Agents and patients I & II
|From:||Jim Grossmann <steven@...>|
|Date:||Thursday, March 16, 2000, 4:54|
>Yes, I do; and no, since the "p" in "3p" already means "plural"! :)
Oops! I naively assumed that the "p" stood for "person."
>I understand the idea of syntactic vs. semantic, and I've been
>careful not to pay too much attention (in my mind) to subject
>and object, since they cannot be biunivocally matched with agent
>and patient in themselves. I'll be sure to use semantic terms
>instead of syntactic for the rest, just to make things clear,
>but I'm afraid it will complicate the issue even more (adding
>more lexicon to the explanation, and having to match semantic
>terms with the corresponding syntactic ones -- agent and patient
>are quite intuitive, but source, goal, beneficiary, etc. are
Well, sometimes adding vocabulary to the explanation makes explanations more
economical. I think that if you stick with four case names, subjective,
objective, dative, and ablative, and then explain how each is interpreted in
a given clause pattern, your audience, who will be mostly other conlangers,
will have no trouble understanding you.
>Yes, exactly as I thought; just shifting word order would
>>On the other hand, if nouns that stand for experiencers have a different
>>case than nouns that stand for agents, would the former be subject to the
>>same transformations as the latter? You may want to restrict the use of
>>passive voice to clauses whose verbs stand for honest-to-god actions and
>>whose arguments include honest-to-god agents and patients.
>I'll try and see what my native speakers say. They are
>becoming really confused now. :)
On the other hand, you could just change the order of the cases and forget
what I said about passives. :)
>Oh, that was not the idea... I only sat down and wrote some
>examples, and this thing popped out; AGT / PAT for 'active'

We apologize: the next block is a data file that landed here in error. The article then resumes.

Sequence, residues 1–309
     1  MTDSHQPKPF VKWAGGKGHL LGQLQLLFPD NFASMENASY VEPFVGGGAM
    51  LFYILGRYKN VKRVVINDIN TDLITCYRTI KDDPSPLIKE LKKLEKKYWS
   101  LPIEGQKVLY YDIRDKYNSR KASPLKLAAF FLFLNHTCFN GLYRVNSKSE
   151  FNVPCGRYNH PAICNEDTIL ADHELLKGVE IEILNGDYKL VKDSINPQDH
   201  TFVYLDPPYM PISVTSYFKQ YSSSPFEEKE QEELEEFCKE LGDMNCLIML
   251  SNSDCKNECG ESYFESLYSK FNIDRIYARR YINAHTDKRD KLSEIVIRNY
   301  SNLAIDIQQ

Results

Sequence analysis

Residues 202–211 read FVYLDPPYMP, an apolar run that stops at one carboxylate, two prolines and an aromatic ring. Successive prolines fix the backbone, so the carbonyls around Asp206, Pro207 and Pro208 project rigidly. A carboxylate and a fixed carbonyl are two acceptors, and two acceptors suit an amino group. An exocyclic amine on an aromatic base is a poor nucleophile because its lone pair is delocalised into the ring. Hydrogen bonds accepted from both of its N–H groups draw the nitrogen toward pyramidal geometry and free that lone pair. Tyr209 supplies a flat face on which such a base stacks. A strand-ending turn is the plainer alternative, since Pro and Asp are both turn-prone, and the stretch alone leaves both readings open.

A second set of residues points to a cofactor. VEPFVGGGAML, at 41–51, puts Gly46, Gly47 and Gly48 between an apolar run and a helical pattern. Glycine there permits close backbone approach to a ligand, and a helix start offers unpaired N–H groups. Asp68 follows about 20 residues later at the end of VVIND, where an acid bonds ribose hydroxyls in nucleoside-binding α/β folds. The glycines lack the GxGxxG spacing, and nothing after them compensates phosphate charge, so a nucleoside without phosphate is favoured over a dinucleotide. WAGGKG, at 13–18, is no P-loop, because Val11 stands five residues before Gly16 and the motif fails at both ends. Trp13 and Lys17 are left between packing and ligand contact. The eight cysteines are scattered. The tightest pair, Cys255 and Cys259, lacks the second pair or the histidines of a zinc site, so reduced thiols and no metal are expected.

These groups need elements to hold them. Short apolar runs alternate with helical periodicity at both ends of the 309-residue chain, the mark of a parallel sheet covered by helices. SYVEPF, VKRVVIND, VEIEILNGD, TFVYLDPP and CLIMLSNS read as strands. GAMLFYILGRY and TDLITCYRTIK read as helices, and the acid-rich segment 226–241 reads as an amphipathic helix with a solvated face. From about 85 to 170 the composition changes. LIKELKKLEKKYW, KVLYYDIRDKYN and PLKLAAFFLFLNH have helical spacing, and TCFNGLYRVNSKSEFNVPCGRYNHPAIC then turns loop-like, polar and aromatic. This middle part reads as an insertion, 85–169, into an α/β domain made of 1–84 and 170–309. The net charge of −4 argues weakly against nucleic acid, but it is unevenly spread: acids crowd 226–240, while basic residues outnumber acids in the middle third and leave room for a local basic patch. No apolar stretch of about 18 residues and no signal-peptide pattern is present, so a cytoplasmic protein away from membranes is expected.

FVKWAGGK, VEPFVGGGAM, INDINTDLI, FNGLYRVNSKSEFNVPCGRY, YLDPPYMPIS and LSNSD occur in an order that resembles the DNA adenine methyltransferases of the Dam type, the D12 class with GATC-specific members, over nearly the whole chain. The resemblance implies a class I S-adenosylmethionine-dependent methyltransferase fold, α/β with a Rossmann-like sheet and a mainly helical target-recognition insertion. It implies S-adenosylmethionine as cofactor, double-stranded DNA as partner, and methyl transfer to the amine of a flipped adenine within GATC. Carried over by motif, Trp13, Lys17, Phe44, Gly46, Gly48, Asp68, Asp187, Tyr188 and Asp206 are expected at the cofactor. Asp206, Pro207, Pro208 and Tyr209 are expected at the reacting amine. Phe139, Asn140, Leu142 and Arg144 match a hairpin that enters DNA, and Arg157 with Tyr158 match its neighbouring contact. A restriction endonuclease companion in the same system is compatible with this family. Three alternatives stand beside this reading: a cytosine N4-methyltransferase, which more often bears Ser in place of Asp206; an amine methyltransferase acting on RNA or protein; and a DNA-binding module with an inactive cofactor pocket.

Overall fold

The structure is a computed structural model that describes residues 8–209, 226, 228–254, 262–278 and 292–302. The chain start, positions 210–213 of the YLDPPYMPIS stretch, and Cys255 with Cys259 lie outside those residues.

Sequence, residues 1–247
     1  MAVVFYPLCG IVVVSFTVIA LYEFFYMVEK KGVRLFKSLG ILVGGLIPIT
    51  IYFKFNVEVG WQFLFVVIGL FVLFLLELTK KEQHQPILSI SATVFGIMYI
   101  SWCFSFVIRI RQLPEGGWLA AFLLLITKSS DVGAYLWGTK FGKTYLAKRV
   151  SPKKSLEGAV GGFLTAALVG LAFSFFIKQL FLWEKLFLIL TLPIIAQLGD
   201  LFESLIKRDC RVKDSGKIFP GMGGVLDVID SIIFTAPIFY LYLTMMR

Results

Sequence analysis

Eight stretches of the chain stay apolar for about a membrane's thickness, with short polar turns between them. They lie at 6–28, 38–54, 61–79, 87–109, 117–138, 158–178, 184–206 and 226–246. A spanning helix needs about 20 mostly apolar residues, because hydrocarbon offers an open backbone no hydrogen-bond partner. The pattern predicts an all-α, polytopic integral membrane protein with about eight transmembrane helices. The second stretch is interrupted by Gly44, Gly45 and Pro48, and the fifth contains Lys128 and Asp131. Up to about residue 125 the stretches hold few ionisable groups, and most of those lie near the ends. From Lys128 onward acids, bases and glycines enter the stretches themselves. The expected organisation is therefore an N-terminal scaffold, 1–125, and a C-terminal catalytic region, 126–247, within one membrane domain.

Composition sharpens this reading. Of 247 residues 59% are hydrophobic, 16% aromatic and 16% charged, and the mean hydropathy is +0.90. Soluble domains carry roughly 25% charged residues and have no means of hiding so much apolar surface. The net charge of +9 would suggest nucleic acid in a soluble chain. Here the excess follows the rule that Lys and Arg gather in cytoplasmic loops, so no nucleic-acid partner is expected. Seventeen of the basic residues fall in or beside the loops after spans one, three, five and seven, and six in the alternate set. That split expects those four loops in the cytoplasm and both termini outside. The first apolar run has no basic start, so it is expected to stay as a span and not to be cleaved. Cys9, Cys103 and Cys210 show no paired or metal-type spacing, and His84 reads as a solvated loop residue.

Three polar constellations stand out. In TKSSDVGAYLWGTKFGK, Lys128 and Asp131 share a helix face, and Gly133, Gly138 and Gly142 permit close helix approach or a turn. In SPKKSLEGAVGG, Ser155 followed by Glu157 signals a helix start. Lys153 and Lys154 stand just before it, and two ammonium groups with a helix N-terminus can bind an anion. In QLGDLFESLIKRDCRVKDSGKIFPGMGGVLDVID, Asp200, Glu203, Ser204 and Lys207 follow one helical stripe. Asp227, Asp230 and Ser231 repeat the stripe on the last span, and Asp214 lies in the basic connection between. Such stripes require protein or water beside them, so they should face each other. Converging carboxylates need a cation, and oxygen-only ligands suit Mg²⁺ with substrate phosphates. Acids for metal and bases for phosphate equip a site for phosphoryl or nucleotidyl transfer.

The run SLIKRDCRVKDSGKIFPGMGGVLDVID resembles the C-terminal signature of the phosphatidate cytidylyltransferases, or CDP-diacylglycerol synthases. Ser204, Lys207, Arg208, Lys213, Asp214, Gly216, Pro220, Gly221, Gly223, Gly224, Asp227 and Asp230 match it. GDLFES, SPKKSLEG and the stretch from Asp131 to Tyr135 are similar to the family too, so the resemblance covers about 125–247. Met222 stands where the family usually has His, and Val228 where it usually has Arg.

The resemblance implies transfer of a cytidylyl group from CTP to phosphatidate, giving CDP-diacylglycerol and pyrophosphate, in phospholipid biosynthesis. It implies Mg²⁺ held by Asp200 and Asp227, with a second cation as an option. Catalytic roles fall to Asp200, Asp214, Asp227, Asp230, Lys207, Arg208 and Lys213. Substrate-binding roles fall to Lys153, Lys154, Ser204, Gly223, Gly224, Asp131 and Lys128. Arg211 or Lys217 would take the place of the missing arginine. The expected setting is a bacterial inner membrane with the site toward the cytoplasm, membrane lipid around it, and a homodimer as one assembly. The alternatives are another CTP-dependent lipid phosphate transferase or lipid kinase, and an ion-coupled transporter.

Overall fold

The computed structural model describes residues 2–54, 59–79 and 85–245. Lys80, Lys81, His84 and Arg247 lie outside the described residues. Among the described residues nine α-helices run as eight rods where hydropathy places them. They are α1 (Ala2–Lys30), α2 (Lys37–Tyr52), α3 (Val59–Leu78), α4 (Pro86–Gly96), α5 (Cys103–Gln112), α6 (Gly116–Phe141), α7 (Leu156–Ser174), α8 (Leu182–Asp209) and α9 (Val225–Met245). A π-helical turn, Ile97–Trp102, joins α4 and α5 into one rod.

>sentences (especially volitional verbs), PAT / ABL for
>perception verbs, ABL / DAT for passive perception: the
>scale AGT / PAT / ABL / DAT, from more active to less
>active (or stative, like 'being seen'). The *names* of
>the cases are probably not a good choice.
This nice scheme will make your basic clause patterns and cases easier for
the learner to remember.
>I've now changed this hierarchy, and I'm trying to assign
>proper names to each case.
1, 2, 3, 4 = AGT, PAC, DAT, ABL could be
1, 2, 3, 4 = AGT, PAC, EXP, OBL
(EXP = experiencer; OBL = general oblique, probably source
too, and also demoted agent).
NPs in a sentence must follow this order; gaps are allowed, but
you can't shift orders without shifting cases. This double shift
also serves to mark topicality (still not sure about voice; I
think there won't be any mark on verbs, since the following
structure seems to suffice). Some examples:
Active volitional agent uses case 1:
cat.1 mouse.2 kill
'cat kills mouse'
In passive sentences, case 1 gets demoted to 4,
which also brings the patient to the front (topical
mouse.2 cat.4 kill
*'from cat kill mouse'
'mouse is killed by cat'
Non-volitional agents/experiencers use case 3,
while their patients use case 4. The actual
meaning of verbs using this construction may be
different from the glosses.
cat.3 mouse.4 see
*'to cat see from mouse'
'cat sees mouse'
In 'passive' sentences, there's a promotion of the syntactic
object (no demotion of subject!): the patient becomes case 2,
mouse.2 cat.3 see
*'see mouse to cat'
'mouse is seen by cat'
>What does this look like? I personally think it's neat (the
>hierarchical order really helps!).
Looks GREAT! I like the numerical names for the cases.
Now let's see how you handle clauses with copular and existential verbs.